• Check into the Drisco Hotel - The historical location of The Drisco Hotel is in the center of the picturesque and pastoral American – German colony in Tel-Aviv which was established in 1866, with a quiet and pleasant environment surrounded by beautiful houses which were restored by an artist. The George and John restaurant, headed by chef Tomer Tal, located in the heart of our luxury hotel, have won the title "the best restaurant in Israel" and made it into the top 6 in the ranking of the best restaurants of "Middle East & North Africa's 50 Best Restaurants" of 2023. You can also find throughout the hotel other lovely sites; the lounge – which is decorated with original historical murals painted in 1925, a pleasant rooftop terrace – overlooking to the beach of Tel – Aviv, an amazingly beautiful patio – were you can enjoy a fine breakfast, fully equipped gym, spa treatment rooms, well maintained garden and more.

  • Drisco Hotel, Tel Aviv

Overnight: Drisco Hotel, Tel Aviv
Meal Plan: breakfast, dinner

5 - Thursday ( May 23 ) : From art to design and fashion

It’s time to celebrate creativity in all shapes and colors - from art curators to fashion designers, and from the internationally acclaimed design museum in Holon to a famous vegan restaurant in the city that is known as heaven for vegans. We’ll end the day with music as we hear from the founder of one of the major recording studios in Tel Aviv and enjoy a live concert with young musicians.

There are two epicenters for art in Israel—Tel Aviv and Jerusalem. Tel Aviv has been dubbed Israel’s “cultural center” hosting most of the country’s art galleries, and Jerusalem is home to the prestigious Bezalel Academy of Art and Design. The concentration of artists in these two cities means that multiple generations can inform each other in their creative process.


  • 5:39 AM Sunrise

  • Breakfast at the hotel

  • Morning Programs:

  • Tel Aviv Museum tour with Shirel Horovitz and meeting with Curator of Israeli Art - Dalit Matityahu - From the vision of Tel Aviv’s first Mayor in 1932, through a variety of buildings and locations, Tel Aviv Museum of Art is a world-class museum showcasing both Israeli and international artists and boasting two connected buildings each celebrating its era – the older wing founded in 1970’s with its brutalist architecture and the new one inaugurated in 2011 showcasing award-winning architecture of the 21st century. Our tour of the museum will focus on the Israeli collection showcasing local art from the beginning of the 20th century until today and revealing both the meeting and departure points between the Zionist narrative and founding of the state, the local art scene, and the international art world. Following the tour, we’ll meet the Curator of Israeli Art - Dalit Matityahu to hear about her vision and challenges. There will be optional additional time on own in the museum to see more of the exhibitions.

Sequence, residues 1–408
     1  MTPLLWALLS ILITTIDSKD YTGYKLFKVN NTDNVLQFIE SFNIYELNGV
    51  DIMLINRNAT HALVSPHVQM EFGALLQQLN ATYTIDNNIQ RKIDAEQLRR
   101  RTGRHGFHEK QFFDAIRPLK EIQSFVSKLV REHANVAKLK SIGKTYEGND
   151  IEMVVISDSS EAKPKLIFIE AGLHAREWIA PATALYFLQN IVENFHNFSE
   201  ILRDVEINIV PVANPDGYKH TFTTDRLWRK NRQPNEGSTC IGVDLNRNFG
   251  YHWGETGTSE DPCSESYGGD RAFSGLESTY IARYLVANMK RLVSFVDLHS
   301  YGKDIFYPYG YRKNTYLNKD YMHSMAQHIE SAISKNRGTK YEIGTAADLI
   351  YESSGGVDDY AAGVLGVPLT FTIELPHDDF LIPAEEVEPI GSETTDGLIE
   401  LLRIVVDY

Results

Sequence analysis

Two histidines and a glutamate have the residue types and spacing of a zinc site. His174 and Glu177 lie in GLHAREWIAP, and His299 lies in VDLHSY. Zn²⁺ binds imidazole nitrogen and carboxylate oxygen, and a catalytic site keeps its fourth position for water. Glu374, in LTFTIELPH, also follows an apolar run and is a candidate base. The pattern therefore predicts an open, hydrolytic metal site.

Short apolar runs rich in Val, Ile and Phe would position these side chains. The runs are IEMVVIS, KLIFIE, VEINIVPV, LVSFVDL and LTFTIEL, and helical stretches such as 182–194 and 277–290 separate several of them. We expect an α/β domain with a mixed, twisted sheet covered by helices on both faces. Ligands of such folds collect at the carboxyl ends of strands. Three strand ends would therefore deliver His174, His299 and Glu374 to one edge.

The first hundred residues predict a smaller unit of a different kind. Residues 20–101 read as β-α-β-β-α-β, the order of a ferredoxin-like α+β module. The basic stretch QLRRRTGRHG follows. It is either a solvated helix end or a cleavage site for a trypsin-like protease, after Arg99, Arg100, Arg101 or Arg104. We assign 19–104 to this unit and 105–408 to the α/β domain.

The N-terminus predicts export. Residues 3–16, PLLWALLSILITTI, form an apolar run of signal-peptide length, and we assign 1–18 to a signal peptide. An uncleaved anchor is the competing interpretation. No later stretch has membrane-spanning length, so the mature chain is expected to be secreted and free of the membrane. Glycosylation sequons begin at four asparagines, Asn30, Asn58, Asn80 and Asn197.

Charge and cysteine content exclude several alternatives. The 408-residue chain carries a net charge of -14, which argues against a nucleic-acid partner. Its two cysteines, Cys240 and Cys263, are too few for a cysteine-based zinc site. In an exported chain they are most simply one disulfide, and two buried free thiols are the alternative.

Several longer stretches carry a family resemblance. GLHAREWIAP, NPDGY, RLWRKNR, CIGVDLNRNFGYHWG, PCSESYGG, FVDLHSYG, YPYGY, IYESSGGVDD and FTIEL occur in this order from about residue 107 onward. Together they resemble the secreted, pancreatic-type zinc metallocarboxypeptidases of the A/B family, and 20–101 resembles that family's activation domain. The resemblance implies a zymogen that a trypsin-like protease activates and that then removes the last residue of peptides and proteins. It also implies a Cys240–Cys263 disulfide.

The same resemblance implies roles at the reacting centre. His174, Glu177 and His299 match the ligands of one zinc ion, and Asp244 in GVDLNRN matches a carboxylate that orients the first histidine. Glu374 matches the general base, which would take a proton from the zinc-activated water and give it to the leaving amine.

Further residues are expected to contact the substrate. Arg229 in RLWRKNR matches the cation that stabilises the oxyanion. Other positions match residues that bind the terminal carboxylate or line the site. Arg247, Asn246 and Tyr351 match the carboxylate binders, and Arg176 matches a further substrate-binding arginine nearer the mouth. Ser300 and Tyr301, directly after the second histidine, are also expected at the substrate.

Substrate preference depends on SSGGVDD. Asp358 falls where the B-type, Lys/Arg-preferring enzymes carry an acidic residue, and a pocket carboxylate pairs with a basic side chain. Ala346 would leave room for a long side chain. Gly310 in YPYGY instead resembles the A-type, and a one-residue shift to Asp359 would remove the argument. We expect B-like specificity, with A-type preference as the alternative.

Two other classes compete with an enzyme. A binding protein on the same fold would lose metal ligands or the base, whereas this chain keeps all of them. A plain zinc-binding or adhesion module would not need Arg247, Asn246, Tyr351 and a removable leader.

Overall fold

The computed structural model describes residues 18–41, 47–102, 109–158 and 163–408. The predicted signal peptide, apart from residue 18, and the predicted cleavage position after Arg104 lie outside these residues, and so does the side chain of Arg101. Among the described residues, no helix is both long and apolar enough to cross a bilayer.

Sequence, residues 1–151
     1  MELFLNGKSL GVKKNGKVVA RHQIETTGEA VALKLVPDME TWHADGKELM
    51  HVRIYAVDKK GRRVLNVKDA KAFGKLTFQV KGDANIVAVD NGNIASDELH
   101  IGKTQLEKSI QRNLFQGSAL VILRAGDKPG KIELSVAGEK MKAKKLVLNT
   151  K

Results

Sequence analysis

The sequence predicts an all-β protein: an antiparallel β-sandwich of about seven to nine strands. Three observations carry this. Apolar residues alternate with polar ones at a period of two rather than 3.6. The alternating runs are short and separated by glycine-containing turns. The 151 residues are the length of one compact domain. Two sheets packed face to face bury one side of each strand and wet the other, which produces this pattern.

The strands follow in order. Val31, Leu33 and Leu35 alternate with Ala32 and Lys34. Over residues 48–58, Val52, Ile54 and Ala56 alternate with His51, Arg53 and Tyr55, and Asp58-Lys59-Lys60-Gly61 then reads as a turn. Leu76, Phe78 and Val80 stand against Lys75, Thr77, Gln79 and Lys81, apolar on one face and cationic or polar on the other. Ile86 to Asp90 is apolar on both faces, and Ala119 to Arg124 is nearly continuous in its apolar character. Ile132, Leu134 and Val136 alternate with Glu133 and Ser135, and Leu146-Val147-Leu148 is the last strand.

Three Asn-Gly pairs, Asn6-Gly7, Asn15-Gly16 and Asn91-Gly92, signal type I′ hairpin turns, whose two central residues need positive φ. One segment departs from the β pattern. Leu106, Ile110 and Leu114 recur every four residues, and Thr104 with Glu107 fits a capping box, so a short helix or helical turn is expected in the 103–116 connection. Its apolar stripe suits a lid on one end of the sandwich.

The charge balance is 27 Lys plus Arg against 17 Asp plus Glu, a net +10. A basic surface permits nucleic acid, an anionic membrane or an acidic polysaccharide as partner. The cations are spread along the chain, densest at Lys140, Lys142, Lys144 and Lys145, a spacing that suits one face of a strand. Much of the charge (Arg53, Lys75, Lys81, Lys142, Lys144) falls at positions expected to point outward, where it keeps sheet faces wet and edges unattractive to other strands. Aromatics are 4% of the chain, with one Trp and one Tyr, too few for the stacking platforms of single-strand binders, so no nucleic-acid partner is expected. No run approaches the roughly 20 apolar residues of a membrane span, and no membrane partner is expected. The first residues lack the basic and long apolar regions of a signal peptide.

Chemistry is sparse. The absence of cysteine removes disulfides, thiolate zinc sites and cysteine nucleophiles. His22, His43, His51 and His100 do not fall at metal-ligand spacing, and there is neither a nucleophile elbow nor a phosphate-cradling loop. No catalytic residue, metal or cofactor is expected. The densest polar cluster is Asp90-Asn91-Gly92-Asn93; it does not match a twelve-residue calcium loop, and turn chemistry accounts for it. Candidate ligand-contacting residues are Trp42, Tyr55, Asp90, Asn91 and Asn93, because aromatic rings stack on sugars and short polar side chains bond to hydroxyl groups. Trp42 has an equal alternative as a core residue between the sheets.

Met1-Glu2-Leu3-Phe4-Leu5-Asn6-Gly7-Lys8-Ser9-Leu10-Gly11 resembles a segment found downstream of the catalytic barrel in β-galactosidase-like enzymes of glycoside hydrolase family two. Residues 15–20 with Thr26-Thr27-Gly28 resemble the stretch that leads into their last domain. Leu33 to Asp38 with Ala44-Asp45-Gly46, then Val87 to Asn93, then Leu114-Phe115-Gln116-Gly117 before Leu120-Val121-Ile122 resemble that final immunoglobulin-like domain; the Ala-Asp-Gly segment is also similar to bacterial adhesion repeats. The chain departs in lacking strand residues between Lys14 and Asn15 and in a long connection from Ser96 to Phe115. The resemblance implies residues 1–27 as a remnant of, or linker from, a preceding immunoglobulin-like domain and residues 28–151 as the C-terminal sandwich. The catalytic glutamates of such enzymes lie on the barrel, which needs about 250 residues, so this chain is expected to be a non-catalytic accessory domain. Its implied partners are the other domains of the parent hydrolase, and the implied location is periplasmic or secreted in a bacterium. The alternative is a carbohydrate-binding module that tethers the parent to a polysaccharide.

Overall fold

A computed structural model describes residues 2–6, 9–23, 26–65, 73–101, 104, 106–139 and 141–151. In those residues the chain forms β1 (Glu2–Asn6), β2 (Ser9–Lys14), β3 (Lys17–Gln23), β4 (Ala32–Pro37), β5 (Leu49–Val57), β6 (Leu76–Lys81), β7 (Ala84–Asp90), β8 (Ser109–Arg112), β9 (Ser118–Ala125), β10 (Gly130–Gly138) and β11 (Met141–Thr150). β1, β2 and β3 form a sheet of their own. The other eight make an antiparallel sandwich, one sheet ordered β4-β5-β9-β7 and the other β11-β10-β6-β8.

Dalit Matityahu is the Senior Curator of Israeli Art at the Tel Aviv Museum of Art. Matityahu, was born in Jerusalem, in 1969. Graduated from the Faculty of Arts - Hamidrasha in 1993 with a Bachelor's degree and Master's degree in Hebrew Literature at the University of Haifa. Since 2010 she has served as curator of the Department of Prints and Drawings, Tel Aviv Museum of Art, and in 2017 was appointed senior curator of Israeli art in the museum. She has published numerous articles on Israeli and international art in journals and catalogs.

  • Lunch on own in Gan Hachashmal - With a recent past that saw it labeled as one of Tel Aviv’s most rundown neighborhoods and home to a gay underground scene, Gan HaHashmal (translated it means Electric Garden, due to the fact that it also hosted a power plant back in the 1920s) has over the last few years transformed itself into one of Tel Aviv’s hippest neighborhoods (in fact it has just been named as one of the world’s sexiest ‘hoods – and even the UK’s The Telegraph have been won over!). This part of town has been the subject of a revival and has become exceptionally popular with the city’s indie-fashionistas who have moved in and claimed this as the city’s coolest place to live, work, and party. The presence of the area’s tell-tale boutiques offering unique designer fashion items has fast become the hallmark of this area. One of the most recent additions to the ‘hood is Kuli Alma (kulialma.com), a music and arts-focused institution which looks like bringing even more hipness and sexiness to this area. Basically every 4 steps there’s a café, restaurant, or a great sandwich place to enjoy. We’ve included three recommendations below to get your appetite up and give an idea of the variety that exists within this one block of the city.

  • The Importance of Fashion - Yalla! After lunch, we set off to understand how Israeli identity has changed over the years by learning about the evolution of Israeli fashion with the help of Merav Shami. During the tour, we will visit local fashion and design brands and meet designers who use ancient crafts and other professionals who use the best modern technology.

    Merav was born and raised in Tel Aviv, and since she was a little girl, she was always passionate about fashion. Merav took several courses in fashion and styling both in Israel and Italy and writes a fashion blog on Israel’s biggest women’s website. Merav believes fashion is about personal experiences and creating encounters that celebrate the Israeli fashion scene through meeting people, hearing their stories, and being introduced to their products.

  • Holon Design Museum - The city of Holon, adjacent to south Tel Aviv, is home to the Design Museum, the first museum in Israel dedicated to design. The building of the museum was planned and designed by Israeli architect and industrial designer Ron Arad in cooperation with Bruno Asa and is located in the eastern part of the new culture area of Holon that includes the Médiathèque (central library, theater, cinémathèque). Nearby is the faculty of design at the Holon Institute of Technology. The museum opened on 3 March 2010 and was noted by the travel magazine Conde Nast Traveler as one of the new world wonders. At the museum, we’ll start with the building itself which is internationally seen as one of the most original architectural achievements of the beginning of the 21st century, followed by visiting the contemporary exhibitions.